By Kirstie Sutheran
Adorable footage shows a budding child scientist explaining lunar eclipses and why you shouldn’t be afraid of the forthcoming ‘super blood wolf moon’.
Zia Purohit, five, from Winterville, North Carolina, is captured here going through the different types of lunar eclipse with the help of a remarkably detailed drawing, in an effort prepare her audience to the one that will occur overnight on January 20-21.
In the video uploaded by mum Sheela on YouTube on January 16 2019, the young genius explains how during a lunar eclipse the earth passes between the moon and the sun, preventing light rays to reach the surface of the satellite.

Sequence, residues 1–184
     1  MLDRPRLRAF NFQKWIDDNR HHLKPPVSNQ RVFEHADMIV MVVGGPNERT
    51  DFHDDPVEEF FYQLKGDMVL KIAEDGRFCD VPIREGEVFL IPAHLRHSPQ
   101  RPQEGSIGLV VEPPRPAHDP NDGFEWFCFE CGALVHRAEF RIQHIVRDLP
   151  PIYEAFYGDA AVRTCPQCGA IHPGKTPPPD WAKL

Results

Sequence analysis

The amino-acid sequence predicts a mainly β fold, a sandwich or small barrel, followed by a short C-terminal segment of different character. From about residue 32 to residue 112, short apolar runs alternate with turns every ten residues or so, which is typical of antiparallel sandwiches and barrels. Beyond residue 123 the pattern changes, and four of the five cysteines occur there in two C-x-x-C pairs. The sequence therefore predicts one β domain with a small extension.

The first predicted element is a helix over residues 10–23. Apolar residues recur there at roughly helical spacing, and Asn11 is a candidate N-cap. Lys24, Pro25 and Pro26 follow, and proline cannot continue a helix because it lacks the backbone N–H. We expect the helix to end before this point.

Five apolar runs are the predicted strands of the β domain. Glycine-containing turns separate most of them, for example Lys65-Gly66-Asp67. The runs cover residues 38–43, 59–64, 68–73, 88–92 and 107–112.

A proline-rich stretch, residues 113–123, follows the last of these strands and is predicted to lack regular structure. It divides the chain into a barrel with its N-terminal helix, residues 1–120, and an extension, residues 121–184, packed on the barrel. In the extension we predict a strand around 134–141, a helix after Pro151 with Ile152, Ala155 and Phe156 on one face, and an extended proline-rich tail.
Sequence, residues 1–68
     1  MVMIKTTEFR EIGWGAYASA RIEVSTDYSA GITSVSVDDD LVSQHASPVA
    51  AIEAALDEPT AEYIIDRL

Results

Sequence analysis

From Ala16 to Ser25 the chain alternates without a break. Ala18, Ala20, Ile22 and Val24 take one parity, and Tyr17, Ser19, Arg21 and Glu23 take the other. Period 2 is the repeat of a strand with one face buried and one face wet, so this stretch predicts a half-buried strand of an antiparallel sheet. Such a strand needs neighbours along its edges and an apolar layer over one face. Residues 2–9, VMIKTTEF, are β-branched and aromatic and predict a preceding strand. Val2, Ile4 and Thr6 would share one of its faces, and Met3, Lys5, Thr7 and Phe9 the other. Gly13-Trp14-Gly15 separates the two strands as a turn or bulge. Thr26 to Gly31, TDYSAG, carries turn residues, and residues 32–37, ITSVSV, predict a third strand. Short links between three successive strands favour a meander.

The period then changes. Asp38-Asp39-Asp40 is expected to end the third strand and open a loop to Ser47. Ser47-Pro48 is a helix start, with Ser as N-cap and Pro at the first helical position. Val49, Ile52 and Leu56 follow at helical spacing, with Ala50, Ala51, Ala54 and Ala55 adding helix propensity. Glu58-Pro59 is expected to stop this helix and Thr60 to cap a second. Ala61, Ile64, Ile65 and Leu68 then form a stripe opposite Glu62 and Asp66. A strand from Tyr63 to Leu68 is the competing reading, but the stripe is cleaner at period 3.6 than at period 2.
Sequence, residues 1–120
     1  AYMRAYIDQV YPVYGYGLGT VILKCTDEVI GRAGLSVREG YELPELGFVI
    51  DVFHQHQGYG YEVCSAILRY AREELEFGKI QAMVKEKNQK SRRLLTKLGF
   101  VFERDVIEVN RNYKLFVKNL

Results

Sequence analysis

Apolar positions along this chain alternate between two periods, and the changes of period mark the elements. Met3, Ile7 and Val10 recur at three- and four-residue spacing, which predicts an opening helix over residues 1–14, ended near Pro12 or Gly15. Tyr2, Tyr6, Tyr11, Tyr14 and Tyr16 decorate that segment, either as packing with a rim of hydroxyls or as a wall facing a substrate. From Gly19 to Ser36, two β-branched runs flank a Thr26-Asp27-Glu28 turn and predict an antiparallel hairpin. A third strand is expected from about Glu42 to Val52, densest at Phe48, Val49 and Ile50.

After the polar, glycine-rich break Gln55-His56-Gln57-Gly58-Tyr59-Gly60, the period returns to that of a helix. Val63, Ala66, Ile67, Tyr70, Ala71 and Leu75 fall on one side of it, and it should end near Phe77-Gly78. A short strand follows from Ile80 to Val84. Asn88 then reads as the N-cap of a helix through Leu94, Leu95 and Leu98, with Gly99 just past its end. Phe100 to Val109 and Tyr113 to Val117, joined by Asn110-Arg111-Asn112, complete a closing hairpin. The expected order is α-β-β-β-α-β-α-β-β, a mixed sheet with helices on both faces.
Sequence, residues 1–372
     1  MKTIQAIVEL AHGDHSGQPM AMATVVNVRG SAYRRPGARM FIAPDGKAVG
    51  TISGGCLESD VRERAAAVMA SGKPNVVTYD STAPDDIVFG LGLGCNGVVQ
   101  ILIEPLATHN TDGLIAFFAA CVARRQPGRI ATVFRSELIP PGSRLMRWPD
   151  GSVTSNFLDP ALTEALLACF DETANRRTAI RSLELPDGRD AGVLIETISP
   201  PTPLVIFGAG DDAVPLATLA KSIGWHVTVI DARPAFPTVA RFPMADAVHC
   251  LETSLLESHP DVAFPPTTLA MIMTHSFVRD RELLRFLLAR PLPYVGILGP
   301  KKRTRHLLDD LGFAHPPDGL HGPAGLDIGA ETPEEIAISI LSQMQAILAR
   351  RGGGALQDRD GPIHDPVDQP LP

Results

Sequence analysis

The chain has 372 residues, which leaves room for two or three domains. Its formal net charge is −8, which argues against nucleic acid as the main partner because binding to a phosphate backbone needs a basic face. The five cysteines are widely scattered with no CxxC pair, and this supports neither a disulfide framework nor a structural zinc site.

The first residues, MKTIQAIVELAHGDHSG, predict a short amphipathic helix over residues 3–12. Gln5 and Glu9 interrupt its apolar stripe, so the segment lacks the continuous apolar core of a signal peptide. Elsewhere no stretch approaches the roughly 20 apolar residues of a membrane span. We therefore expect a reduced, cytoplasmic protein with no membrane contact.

Zia says that the moon looks bloody because only red lightwaves can reach it during the eclipse, thus breaking the myth that what we see in the sky is actually real blood.
Sheela said: “At seven-months-old, Zia of course didn’t know how to read but would crawl to the books with planets on the cover and either pick them up or point to them.
“She has always loved science, I think it comes from how many books she reads.
“She has always been very curious about everything.”
The young genius’s curiosity is said to increase every time she learns something new about our solar system and beyond.
“Let me tell you what the wolf moon is” Zia says in the video.
“Whenever you can see a full moon in January is called a wolf moon.”
And that’s precisely why this month’s eclipse is going to be a super blood wolf moon!